FIG. 2 is a partial side view of the multilayer circuit prototyping board 10, including several of the elements discussed in conjunction with FIG. 1. As can be seen, a component 30 is located on the bottom side of the base 12 with the component leads 31 extending through holes 24 to the solder pads 20. The solder pads 20 are then connected with wire or solder bridges to complete a circuit which includes the component 30. One lead 31 of the component 30 is electrically connected to a solder pad 20 with a solder bubble 36. The other lead 31 is connected, for example by soldering, to a wire 38. In the preferred embodent, the solder pads 20 are of the proper dimension to provide a 50 ohm stripline transmission line when connected. However, as those skilled in the art will realize, the solder pad dimensions can be modified to provide other impedance values. The metallization layer atop each mesa 18 is designated by reference character 39.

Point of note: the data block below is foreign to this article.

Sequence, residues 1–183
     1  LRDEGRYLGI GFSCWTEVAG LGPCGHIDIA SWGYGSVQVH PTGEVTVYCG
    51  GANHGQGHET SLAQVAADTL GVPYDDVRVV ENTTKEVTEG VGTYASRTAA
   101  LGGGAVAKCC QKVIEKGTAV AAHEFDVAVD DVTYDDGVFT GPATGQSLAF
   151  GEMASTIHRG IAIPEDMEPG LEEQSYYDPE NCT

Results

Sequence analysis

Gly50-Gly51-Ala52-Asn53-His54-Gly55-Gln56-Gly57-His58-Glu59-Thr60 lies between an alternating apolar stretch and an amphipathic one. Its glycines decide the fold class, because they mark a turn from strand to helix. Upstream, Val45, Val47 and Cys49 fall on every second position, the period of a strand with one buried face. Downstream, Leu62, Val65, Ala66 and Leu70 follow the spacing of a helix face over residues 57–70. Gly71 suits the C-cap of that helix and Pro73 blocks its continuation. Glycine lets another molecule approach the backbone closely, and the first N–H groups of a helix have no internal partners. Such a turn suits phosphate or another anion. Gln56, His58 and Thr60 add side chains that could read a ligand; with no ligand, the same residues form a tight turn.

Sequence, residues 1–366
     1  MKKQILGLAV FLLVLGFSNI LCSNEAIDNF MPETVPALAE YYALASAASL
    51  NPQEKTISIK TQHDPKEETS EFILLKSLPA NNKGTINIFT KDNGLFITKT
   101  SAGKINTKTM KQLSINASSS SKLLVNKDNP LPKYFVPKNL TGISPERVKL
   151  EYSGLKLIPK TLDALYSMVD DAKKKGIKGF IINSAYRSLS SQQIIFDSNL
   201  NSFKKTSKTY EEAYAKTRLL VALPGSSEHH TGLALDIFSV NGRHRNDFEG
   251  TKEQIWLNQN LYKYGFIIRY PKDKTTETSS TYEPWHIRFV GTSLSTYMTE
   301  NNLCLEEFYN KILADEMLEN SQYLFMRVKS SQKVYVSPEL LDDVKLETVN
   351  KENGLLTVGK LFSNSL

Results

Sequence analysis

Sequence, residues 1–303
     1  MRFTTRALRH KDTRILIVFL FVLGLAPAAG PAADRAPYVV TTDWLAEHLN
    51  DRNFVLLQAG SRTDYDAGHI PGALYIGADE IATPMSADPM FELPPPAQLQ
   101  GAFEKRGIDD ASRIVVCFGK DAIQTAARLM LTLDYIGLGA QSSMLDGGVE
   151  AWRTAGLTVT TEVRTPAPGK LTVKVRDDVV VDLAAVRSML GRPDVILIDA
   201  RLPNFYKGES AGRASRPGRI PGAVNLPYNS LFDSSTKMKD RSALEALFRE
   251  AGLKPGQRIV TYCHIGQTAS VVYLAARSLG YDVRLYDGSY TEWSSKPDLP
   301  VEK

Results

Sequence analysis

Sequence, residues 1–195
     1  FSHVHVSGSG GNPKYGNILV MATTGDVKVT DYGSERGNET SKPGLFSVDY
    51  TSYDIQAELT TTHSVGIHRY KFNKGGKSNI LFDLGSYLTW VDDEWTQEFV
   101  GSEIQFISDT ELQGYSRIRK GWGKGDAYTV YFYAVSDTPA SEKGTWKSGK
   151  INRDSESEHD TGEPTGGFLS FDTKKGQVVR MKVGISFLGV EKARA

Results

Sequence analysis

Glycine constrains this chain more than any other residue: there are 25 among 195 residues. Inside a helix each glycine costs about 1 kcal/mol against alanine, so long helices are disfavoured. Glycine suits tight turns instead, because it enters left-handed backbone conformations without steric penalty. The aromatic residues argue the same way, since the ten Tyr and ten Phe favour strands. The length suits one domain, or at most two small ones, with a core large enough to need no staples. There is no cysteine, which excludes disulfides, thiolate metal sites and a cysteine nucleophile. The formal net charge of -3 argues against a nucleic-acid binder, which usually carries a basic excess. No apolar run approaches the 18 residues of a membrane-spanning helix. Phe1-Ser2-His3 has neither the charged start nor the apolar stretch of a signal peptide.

After the breadboard circuit has been completed on the base 12, a removable ground plane 40, illustrated in FIG. 3, is placed atop the base 12. The removable ground plane 40 includes spring members 42 and a metal or conductive layer 44. The spring members 42 contact the mesas 18, and the holes 28 provide connection points between the conductive layer 44 (the top ground plane) of the removable ground plane 40, and the ground plane 29 on the bottom surface of the base 12. Thus the completed structure is a three-layer card having electrical characteristics nearly identical to a conventional three-layer stripline board.